Definition: A square matrix A is block diagonal if A has the form A 1 O O O A 2 O A =

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1 The question we want to answer now is the following: If A is not similar to a diagonal matrix, then what is the simplest matrix that A is similar to? Before we can provide the answer, we will have to introduce a few definitions Definition: A square matrix A is block diagonal if A has the form A 1 O O O A 2 O A =, O O A k where each A i is a square matrix, and the diagonals of each A i lie on the diagonal of A Each O is a zero matrix of appropriate size Each A i is called a block of A Technically, every square matrix is a block diagonal matrix But we only use the terminology when there are at least two blocks in the matrix Here is an example of a typical block diagonal matrix: A = This matrix has blocks of size 3, 1 and 2 as we move down the diagonal The three blocks in this matrix are [ A 1 = , A 2 = [6, A 3 = The lines are just drawn to illustrate the blocks Definition: A Jordan block with value λ is a square, upper triangular matrix whose entries are all λ on the diagonal, all 1 on the entries immediately above the diagonal, and 0 elsewhere: λ λ λ 0 0 J(λ) = λ λ Here s what the Jordan blocks of size 1, 2 and 3 look like: [ λ 1 0 λ 1 [λ,, 0 λ 1 0 λ 0 0 λ

2 Definition: A Jordan form matrix is a block diagonal matrix whose blocks are all Jordan blocks For example, every diagonal p p matrix is a Jordan form, with p 1 1 Jordan blocks Here are some more interesting examples (again, lines have been drawn to illustrate the blocks): Now, here s the big theorem that answers our first question: Theorem 1 Let A be a p p matrix Then there is a Jordan form matrix J that is similar to A In fact, we can be more specific than that: Theorem 2 Let A be a p p matrix, with s distinct eigenvalues λ 1,, λ s Let each λ i have algebraic multiplicity m i and geometric multiplicity µ i Then A is similar to a Jordan form matrix J 1 O O O J 2 O J =, O O J µ where 1 µ = µ 1 + µ µ s, 2 For each λ i, the number of Jordan blocks in J with value λ i is equal to µ i, 3 λ i appears on the diagonal of J exactly m i times Further, the matrix J is unique, up to re-ordering the Jordan blocks on the diagonal This is a pretty complicated theorem, and we aren t going to try to prove it here But we will learn a method for finding the Jordan form of a matrix A, and also finding the nonsingular matrix Q such that J = Q 1 AQ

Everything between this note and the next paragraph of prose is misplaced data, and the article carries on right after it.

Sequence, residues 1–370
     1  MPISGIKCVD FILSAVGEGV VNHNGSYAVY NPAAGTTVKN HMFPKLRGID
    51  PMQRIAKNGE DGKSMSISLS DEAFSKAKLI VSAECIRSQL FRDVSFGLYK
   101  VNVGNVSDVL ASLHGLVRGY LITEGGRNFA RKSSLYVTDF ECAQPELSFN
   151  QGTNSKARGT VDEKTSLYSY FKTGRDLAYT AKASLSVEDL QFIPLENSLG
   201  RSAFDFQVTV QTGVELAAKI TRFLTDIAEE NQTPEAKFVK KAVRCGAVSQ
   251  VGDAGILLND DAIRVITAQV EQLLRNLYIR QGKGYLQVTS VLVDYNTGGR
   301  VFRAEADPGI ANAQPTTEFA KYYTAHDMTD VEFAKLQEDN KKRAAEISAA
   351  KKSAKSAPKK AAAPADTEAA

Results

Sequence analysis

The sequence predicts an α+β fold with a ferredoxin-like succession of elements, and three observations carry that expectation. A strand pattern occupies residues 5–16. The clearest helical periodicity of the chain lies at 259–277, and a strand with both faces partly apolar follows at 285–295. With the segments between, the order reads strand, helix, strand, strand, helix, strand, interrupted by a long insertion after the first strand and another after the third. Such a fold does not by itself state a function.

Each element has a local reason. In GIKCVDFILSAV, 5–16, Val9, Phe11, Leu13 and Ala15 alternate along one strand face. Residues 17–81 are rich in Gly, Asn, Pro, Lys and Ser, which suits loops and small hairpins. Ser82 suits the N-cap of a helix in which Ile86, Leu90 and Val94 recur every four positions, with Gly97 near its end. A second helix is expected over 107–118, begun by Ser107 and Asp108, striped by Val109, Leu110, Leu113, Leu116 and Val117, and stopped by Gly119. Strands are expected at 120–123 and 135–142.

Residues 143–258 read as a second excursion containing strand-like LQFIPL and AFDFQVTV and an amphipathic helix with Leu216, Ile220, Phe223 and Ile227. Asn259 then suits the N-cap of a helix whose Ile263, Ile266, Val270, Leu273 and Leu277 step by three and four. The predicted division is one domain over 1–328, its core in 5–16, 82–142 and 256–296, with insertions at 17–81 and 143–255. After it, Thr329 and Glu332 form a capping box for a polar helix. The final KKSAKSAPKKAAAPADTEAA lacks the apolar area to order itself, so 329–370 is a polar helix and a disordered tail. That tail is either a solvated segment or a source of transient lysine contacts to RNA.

3 Algorithm for the Jordan Form of A 1 Compute the distinct eigenvalues λ 1, λ 2,, λ s, along with the associated algebraic multiplicities m 1, m 2,, m s and geometric multiplicities µ 1, µ 2,, µ s 2 Treat each eigenvalue in turn For a given eigenvalue λ of algebraic multiplicity m and geometric multiplicity µ, we start computing the E-spaces and their dimensions The k-th E-space is E k λ = { x : (A λi) k x = 0 } So Eλ 1 is just E λ, and we build from there We stop when we get to an Eλ k that has dimension m, the algebraic multiplicity of λ 3 We make a diagram of boxes as follows Compute the numbers d 1 = dim E 1 λ, d 2 = dim E 2 λ dim E 1 λ, d k = dim E k λ dim E k 1 λ Now make a diagram with d 1 boxes in the first row, d 2 boxes in the second row, and so on For example, if d 1 = 4, d 2 = 2, d 3 = 2, d 4 = 1, then we get a diagram We are going to fill in the diagram with vectors as follows 4 Start at the bottom of the diagram, and fill the boxes in row k with linearly independent vectors that belong to Eλ k but not Ek 1 λ Anytime you have a vector v in a box, the box immediately above it gets filled with the vector (A λi)v If a box is the lowest in its column, and belongs to row i, fill that box with a new vector from Eλ i, which is linearly independent to both E i 1 λ and all the other vectors in row i 5 Repeat steps 2 through 4 for each distinct eigenvalue You will get a diagram full of vectors for each one 6 Make a matrix Q as follows For each eigenvalue, consider the associated diagram The vectors in the boxes become the columns of Q as follows Start at the top of the leftmost column, and use the vectors as you go down the column When you reach the end of a column, go to the next column When you finish one diagram, go to first column of the next diagram This gives the matrix Q 7 The Jordan form of A is given by J = Q 1 AQ But the nice part of the algorithm is that you can compute J without finding Q! In fact J will have one Jordan block for each column of each diagram The value of the block is given by the eigenvalue, and the size of the block is equal to the number of squares in the column You put the blocks down the diagonal of J in the same order you chose the vectors in Q